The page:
From 2000 to 2003, the Cork Folk Festival has welcomed further established and emerging artist; including: Dick Gaughan, Mick Moloney, Norma Waterson, Martin &Eliza Carthy, Karan Casey, Sean Keane, Dervish, Danú, Maighread, Tríona, and Mícheál ó Domhnaill, Paddy Glackin, Séamus Tansey, Charlie Lennon, Susan McKeown, Tír na nóg, Slide, Niall Connolly, John Leo Carter, Liz & Yvonne Kane, Aoife Clancy, Alias Ron Kavana, The Press Gang, and Dana Lyons.
2001 brought another exciting innovation, a concert of Leeside’s very own rich and unique urban singing, songmaking and storytelling tradition. Since then, this has developed into different nights out, bringing the song and story culture of both Northside and Southside – each with it’s own distinctly wonderful characteristics – into pubs in the relevant areas of Cork.
In 2002, it was a particular pleasure to welcome home Iarla ó Lionáird, an old friend of the Festival right back to it’s earliest days. Iarla has now brought the wonderful song tradition of his native Muskerry to international attention, principally through his work with The Afro Celt Sound System.
The innovations from year to year already mentioned, as well as other conceptions, some enduring, some not, have kept The Cork Folk Festival fresh and invigorated. However, some structures are roughly similar from year to year, and Irish traditional dancing is certainly one such element.
Céilís and Set Dances are a core component, as are the dance workshops on Festival Saturday and Sunday, presented by some of the finest teachers in the country, including: Joe O’Donovan, the late Connie Ryan, Mick Mulkerins, Pat and Liz Moroney, Betty Ryan, Máiréad Casey; and of course, Timmy McCarthy and William Hammond. Cajun two-steps and clog dancing are among other dance forms to have snuck in, thanks to visiting teachers, musicians and enthusiasts. Legendary Céilí Bands, including The Tulla, Kilfenora and Templehouse have provided the music for Folk Festival dancers; as indeed have many of the bands specialising in the set dance music indigenous to Cork, Kerry and South Munster. The Abbey Céilí Band, Donie Nolan & Taylors Cross, The Four Star Trio, The Island Céilí Band, The Donncha Lynch Céilí Band and Sliabh Notes have all followed in the footsteps (or should that be steered the footsteps)since that inaugural 1979 Phoenix Céilí Band hooley. The already mentioned and much missed Johnny Leary, and other friends from Dan Connell’s bar and famous dance locale in Knocknagree, have been as much a part of these events as Cork dance enthusiasts. A hugely popular element of the Festival which has survived from 1979 is the Specialist Concert. These are concerts featuring leading exponents of a specific traditional instrument; such as Button Accordion, Fiddle, Pipes, Flute & Whistle, or String. Originally dubbed Workshops, it was eventually decided that this was something of a misnomer, given that there were no question and answer sessions, indeed no opportunity for aspiring musicians to play with the featured exponents. Since the mid 1990s, Master Classes have successfully bridged that gap. Renowned unaccompanied traditional singers and songmakers from all over the country make the annual pilgrimage to the Cork Folk Festival’s Traditional Song Concert. Like the Specialist Traditional Concerts, this is presented by a different singer each year and is invariably a Festival highpoints year after year.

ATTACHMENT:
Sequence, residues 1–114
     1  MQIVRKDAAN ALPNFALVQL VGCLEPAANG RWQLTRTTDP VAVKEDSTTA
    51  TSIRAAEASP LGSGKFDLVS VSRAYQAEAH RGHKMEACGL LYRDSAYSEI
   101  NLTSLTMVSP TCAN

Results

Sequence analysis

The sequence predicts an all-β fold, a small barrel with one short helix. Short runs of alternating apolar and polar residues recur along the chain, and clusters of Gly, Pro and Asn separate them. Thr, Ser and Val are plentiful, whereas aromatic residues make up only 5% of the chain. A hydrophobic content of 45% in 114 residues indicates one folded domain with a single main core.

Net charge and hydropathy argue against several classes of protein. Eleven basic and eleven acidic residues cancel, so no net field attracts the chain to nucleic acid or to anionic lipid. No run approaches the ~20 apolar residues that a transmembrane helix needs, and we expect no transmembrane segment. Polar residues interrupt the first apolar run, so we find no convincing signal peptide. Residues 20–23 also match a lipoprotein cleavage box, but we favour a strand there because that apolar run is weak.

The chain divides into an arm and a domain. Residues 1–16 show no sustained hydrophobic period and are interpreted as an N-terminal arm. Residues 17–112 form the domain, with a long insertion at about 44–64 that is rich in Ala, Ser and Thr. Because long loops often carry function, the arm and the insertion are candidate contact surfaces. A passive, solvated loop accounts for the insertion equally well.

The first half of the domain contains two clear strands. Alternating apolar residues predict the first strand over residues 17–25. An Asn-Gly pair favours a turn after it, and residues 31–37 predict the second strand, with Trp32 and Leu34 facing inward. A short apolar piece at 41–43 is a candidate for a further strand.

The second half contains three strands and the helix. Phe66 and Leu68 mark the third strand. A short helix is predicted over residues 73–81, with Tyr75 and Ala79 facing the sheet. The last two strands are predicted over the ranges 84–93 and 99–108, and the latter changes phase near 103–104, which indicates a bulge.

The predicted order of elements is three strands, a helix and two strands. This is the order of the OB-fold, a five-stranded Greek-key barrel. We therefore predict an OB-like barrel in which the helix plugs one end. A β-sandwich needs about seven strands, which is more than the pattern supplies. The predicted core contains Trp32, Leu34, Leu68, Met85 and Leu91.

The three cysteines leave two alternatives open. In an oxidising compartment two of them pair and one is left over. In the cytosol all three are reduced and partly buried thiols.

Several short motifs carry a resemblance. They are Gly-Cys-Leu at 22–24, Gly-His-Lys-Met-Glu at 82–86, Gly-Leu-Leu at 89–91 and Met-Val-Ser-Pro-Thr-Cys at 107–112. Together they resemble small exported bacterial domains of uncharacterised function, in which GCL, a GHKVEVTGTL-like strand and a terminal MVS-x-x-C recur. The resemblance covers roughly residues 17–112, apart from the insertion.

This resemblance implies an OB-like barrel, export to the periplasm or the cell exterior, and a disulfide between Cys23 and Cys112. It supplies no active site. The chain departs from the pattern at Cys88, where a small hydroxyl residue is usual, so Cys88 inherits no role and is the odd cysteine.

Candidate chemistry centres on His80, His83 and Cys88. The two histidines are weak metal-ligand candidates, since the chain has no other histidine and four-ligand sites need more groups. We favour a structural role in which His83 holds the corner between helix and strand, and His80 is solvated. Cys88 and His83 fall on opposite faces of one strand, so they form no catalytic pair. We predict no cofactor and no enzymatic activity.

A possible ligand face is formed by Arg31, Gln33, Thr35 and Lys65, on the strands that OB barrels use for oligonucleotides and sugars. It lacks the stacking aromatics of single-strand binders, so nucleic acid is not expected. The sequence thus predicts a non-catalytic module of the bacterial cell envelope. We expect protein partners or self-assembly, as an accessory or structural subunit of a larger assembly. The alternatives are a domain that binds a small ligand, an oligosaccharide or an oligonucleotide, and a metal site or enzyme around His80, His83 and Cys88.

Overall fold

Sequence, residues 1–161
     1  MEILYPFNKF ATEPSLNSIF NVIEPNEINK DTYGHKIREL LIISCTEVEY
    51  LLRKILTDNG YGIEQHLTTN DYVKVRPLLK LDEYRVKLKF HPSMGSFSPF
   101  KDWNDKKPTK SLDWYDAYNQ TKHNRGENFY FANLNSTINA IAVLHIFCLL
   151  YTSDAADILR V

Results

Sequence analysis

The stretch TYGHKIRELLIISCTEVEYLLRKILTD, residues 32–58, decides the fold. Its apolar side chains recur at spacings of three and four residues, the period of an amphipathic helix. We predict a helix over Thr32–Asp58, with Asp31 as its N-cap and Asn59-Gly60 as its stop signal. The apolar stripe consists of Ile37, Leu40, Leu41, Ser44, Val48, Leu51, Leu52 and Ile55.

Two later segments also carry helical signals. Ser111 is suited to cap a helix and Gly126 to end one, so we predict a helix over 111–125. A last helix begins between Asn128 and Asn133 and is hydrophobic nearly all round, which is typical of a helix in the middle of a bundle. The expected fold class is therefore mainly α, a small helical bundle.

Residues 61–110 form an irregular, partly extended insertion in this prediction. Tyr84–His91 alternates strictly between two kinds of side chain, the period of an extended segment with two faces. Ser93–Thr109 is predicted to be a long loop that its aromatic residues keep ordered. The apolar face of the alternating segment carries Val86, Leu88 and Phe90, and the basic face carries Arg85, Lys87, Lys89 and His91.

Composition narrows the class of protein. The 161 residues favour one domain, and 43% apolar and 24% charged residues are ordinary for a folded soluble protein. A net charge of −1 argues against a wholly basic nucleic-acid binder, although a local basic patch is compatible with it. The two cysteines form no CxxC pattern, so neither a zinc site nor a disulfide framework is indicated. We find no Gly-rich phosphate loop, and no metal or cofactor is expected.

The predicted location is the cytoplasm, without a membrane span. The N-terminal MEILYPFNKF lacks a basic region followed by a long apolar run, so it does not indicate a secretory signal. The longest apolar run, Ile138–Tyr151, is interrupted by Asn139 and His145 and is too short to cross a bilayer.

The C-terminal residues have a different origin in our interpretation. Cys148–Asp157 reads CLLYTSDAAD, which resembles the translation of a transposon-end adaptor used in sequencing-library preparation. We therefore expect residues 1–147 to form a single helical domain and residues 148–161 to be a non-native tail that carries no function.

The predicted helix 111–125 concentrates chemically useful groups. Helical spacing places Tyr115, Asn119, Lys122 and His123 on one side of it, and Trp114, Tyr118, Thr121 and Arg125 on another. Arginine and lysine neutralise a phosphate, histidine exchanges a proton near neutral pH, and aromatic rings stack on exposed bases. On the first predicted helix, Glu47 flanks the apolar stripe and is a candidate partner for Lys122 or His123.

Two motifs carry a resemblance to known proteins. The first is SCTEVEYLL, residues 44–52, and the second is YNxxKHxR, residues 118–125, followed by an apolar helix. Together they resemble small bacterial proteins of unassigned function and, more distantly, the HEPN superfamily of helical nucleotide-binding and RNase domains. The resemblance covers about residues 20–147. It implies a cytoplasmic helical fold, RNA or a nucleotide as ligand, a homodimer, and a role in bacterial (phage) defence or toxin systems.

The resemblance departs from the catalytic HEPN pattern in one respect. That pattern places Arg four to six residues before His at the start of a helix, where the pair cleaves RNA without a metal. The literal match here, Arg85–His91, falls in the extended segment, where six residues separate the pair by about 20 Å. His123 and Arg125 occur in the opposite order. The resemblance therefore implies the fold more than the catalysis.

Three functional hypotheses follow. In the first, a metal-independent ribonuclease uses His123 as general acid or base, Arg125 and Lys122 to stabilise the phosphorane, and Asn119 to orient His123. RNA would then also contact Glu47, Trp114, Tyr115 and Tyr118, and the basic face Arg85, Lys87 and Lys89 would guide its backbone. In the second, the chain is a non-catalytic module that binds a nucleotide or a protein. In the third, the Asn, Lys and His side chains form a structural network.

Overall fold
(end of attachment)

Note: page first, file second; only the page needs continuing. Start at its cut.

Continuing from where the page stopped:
Since Nioclás Tóibín and Diarmuid ó Súilleabháin sang on that very first Festival night in the Douglas GAA Club, literally hundreds of traditional singers have taken the Traditional Song Concert stage, from Clare’s late Junior Crehan and Micho Russell, to Chapelizod’s Frank Harte, from Altan’s Máiréad Ní Mhaonaigh to Danú’s Muireann Nic Amhlaoibh. Many are familiar faces from North and South year after year: Niamh Parsons, Rosie Stewart, Róisín white, Sinéad Caher, Tim and John Lyons, Tim Dennehy, The Góilín Singers Club (Dublin), Mick Scannell, Mick Marrinan etc.
Each year, the concert is graced by a large contingent of singers from Cúil Aodha, led by Máire Ní Chéilleachair and Danny Maidhcí ó Súilleabháin. From the Traditional Song Concerts has emerged The Cork Singers Club, providing a platform for Cork’s own singers and songmakers every Sunday night upstairs at the Spailpín Fánach bar on South Main Street. The level of new vocal and creative talent unearthed there has been quite remarkable – but that’s another story.
Providing a platform for established and emerging local talent has always been an important function of The Cork Folk Festival. Names such as Nomos, Sinéad Lohan, NorthCregg, John Spillane, Two Time Polka and Ger Wolfe spring to mind. But as a former Festival committee member and Chairman, music writer and columnist, I remember in particular Jimmy MacCarthy’s many Festival concerts, as we proudly watched him blossom into a songwriter and performer of international stature.
So, as we look forward to Cork Folk Festival 2009, with it’s most impressive programme of many old friends and some new, we also remember Festival friends who have passed on since 1979. One of the pleasures of the Festival weekend is to renew old acquaintances and make new friendships. There is one thing of which I’m sure - and that is that when this year’s activities get under way, the spirit of Johnny Leary won’t be far away from wherever the music, dance and craic is under way.
If you have any additional information or good stories on the festival we would like to hear from you.
|Last Updated on Friday, 07 May 2010 17:35|